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Author Topic: Turlough Hill pumped hydro.  (Read 289 times)
stannn
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« on: February 21, 2021, 10:03:31 AM »

https://www.reddit.com/r/mealtimevideos/comments/lohvma/the_truth_about_pumped_hydro_1652/

I had not heard of this Irish power station. Itís about 20 miles south of Dublin.
« Last Edit: February 21, 2021, 12:13:56 PM by stannn » Logged

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dan_b
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« Reply #1 on: February 21, 2021, 03:22:53 PM »

I have an innate avoidance fear of any video on YouTube that is titled "The truth about..." - is this one worth watching?
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stannn
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« Reply #2 on: February 21, 2021, 04:19:11 PM »

I agree. Thatís why I changed the title. Yes, itís been a huge project and was interesting.
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« Reply #3 on: February 21, 2021, 04:20:01 PM »

I have an innate avoidance fear of any video on YouTube that is titled "The truth about..." - is this one worth watching?

If you have to say youíre telling the truth you probably arenít.
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« Reply #4 on: February 21, 2021, 11:20:27 PM »

thanks Stan
 very well made and super information

Enjoyed it a lot until  the last minute a Name was mentioned  whistlie
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oliver90owner
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« Reply #5 on: February 22, 2021, 08:51:40 AM »

An interesting video.  While being very honest about the logistics of adding adequate storage, by pumped hydro, it seemed to overlook the need for around five times the current renewable generation potential.

That would, of course, be needed to iron out the peaks and troughs of renewable generation, in turn very much altering the amount of storage.  Taking account of day-time solar generation and minimum night-time electricity usage, the requirements would be much altered from the simplistic view in the video presentation, I think.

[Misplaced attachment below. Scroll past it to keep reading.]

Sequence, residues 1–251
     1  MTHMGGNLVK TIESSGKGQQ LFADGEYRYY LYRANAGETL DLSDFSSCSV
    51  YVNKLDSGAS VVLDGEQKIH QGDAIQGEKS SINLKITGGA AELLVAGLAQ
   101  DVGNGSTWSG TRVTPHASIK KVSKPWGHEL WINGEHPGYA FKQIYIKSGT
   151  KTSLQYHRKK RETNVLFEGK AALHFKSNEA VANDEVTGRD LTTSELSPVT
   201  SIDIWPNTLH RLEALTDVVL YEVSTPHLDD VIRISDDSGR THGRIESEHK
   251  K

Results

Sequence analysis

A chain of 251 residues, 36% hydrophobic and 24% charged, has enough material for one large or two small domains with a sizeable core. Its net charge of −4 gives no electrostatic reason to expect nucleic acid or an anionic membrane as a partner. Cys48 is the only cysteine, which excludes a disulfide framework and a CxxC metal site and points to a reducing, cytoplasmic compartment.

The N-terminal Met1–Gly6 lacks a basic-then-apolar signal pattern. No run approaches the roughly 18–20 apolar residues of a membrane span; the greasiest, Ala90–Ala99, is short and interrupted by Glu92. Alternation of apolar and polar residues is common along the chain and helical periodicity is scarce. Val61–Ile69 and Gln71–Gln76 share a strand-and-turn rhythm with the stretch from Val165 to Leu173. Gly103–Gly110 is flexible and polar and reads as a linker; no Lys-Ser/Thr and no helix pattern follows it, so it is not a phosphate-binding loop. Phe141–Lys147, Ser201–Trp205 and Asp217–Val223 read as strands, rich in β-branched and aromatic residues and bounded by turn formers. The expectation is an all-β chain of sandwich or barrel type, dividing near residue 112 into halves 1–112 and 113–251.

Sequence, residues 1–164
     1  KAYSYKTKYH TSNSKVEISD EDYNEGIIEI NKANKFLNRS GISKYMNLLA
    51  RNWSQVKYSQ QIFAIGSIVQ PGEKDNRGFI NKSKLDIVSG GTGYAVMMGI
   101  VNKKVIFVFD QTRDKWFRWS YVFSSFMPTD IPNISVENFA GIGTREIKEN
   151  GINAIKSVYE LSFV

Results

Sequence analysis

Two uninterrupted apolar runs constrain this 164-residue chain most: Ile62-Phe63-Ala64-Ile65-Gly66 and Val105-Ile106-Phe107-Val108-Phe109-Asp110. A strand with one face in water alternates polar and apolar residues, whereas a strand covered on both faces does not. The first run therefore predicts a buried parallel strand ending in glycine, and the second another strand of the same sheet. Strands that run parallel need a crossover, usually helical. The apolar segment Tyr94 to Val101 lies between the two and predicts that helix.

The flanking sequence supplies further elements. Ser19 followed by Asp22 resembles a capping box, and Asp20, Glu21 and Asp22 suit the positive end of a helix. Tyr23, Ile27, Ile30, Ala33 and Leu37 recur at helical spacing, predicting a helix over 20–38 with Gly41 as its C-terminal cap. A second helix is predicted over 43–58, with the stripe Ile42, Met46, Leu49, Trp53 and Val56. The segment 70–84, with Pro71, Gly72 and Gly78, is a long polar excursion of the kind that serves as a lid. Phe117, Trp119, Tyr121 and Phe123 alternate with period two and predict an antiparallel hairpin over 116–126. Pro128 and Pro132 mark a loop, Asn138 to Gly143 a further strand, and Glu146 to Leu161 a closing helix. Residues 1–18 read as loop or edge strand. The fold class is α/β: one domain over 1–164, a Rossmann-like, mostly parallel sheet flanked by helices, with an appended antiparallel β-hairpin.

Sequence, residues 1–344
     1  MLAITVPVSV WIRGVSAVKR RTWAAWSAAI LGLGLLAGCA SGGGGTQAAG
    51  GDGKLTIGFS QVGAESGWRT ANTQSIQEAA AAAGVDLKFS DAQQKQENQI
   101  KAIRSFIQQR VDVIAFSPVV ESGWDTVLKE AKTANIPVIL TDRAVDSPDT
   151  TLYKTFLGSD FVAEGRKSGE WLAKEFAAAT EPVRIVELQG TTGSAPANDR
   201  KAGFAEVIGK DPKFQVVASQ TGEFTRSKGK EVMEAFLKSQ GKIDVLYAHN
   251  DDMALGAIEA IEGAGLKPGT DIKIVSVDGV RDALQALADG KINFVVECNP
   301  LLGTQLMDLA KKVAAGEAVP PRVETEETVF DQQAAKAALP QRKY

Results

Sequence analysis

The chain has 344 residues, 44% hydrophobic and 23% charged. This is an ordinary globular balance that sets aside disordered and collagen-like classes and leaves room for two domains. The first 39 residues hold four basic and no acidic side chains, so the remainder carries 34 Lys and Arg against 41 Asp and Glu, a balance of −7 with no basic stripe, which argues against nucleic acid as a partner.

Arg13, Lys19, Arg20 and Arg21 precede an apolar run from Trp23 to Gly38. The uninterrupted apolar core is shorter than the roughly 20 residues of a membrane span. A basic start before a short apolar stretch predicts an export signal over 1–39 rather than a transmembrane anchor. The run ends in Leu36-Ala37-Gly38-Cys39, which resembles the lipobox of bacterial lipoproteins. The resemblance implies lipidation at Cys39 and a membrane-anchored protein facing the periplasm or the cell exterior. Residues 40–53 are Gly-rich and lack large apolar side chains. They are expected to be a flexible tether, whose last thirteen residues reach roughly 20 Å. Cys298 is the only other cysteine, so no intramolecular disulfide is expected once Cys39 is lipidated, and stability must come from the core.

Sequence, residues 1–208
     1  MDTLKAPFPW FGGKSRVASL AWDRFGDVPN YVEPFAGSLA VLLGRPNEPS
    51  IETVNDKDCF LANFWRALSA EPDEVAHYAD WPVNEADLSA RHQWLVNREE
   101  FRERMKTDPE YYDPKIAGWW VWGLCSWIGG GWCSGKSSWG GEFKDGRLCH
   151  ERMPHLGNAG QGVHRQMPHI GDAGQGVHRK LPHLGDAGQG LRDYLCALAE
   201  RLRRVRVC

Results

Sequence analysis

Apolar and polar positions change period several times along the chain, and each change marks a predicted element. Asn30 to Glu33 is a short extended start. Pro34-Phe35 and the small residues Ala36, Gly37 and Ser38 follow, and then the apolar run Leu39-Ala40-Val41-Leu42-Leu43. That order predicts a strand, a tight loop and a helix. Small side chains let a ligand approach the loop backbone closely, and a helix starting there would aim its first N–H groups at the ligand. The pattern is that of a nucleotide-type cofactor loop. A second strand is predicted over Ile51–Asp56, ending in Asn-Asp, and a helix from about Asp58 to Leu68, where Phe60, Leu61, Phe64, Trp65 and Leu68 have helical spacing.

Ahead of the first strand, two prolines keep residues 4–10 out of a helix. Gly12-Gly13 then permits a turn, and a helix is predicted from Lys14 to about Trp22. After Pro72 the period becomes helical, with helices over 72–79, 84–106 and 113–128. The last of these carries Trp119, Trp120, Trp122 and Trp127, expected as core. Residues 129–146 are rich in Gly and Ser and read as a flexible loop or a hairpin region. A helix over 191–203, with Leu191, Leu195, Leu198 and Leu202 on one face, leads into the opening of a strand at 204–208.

For a start, twice the current renewable generation (on average) would be required to replace the (present) ff generation - but only if the Irish grid is considered as an isolated entity. Next extra capacity would be needed to replenish the stored energy supply when completely exhausted due to lack of renewables for relatively short periods - these installations could not be recharged until the following hours of darkness (at best), in the worst scenario of a few days of low wind generation.  Lastly (for here) inter-connectors have not even been mentioned, so not a great deal of likely future development has been taken into account!

However, if wind generation was upped by a factor of 5, the minimum wind generation would rise from 50MW to 250MW, simply by that increase in wind generation.  It might only be an extra GWh of energy over a 5h period but would alter the predictions considerably, I am sure.  More solar generation installed in the same time-frame would also change the storage needs.

While there appeared to be no lies pushed forward, the real future situation is not modelled - likely to keep the mathematics sufficiently simple for the majority of the audience.

As, was indicated, longer term energy storage is a necessary option - that is where hydrogen (or ammonia) might be a good option within the Ďmixí.

Edited to add:  If a couple of tidal generation installations were built, all the above gets altered accordingly.🙂
« Last Edit: February 22, 2021, 08:54:41 AM by oliver90owner » Logged
dan_b
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« Reply #6 on: February 22, 2021, 09:14:34 AM »

I agree it was an interesting video.  Wonder what happened to that sea water pumped hydro in Japan?
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AndrewE
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« Reply #7 on: February 22, 2021, 10:27:58 AM »

I agree it was an interesting video.  Wonder what happened to that sea water pumped hydro in Japan?
Wikipedia says
Quote
The power station was a pilot plant funded by the Agency for Natural Resources and Energy and constructed by the Electric Power Development Company.[6] A five-year verification operation was conducted beginning on May 16, 1999.[1] The Japan Society of Civil Engineers presented the company an Outstanding Civil Engineering Achievement Award on May 26, 2000 for its construction of the plant.[7]

The operator could not put the power station into practical use because the demand for electric power in Okinawa had not grown as predicted, and the plant was not profitable as a business. The power plant was dismantled in July 2016.
Pity.
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« Reply #8 on: February 22, 2021, 12:41:15 PM »

" the primary factor holding  renewables back today , is this energy storage problem "  is not a quite right statement in the video,  as it is concentrating on electricity demand as it is now , but the transition to more electric driving and heating is a form of storage too , so like in most countries in Europe , there is no need to underline that point too much.
Because there are too, other reasons behind " the holding back" of the increase of renewable energy , especially in Ireland
with its poor PV-roof  policy  ...
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